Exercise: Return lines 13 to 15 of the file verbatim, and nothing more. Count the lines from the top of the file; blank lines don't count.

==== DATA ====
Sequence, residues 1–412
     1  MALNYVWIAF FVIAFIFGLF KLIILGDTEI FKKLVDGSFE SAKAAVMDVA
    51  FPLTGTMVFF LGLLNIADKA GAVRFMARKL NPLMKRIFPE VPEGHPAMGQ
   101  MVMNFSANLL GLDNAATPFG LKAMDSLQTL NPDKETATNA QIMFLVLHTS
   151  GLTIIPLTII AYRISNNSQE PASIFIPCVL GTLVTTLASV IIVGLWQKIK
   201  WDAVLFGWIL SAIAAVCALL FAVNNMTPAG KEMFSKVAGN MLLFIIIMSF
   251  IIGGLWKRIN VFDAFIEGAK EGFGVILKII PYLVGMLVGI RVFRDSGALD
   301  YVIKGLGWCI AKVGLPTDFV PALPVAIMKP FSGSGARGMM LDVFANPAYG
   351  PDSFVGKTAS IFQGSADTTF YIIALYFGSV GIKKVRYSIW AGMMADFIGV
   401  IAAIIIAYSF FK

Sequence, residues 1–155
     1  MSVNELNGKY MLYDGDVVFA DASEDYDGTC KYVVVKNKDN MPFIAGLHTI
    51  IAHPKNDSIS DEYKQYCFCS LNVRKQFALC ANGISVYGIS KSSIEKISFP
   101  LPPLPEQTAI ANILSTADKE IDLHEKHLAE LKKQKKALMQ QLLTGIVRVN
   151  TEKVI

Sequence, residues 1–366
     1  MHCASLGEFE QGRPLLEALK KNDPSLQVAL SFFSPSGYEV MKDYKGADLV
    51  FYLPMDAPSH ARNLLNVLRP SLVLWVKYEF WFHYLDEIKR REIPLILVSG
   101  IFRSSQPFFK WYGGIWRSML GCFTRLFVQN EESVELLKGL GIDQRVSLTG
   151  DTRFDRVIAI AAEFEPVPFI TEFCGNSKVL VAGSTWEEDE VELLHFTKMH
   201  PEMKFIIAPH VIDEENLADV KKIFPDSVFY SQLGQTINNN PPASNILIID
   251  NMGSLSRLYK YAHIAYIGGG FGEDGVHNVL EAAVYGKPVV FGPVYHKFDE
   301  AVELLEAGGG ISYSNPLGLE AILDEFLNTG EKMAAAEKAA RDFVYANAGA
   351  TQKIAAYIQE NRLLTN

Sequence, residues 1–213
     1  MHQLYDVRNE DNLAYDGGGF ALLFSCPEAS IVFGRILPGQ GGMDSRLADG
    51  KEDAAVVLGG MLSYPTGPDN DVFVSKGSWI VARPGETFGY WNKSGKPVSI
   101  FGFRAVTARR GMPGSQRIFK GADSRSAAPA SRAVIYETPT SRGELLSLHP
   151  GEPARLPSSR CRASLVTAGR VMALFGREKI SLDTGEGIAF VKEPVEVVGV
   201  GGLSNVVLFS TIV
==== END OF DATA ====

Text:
    51  IAHPKNDSIS DEYKQYCFCS LNVRKQFALC ANGISVYGIS KSSIEKISFP
   101  LPPLPEQTAI ANILSTADKE IDLHEKHLAE LKKQKKALMQ QLLTGIVRVN
   151  TEKVI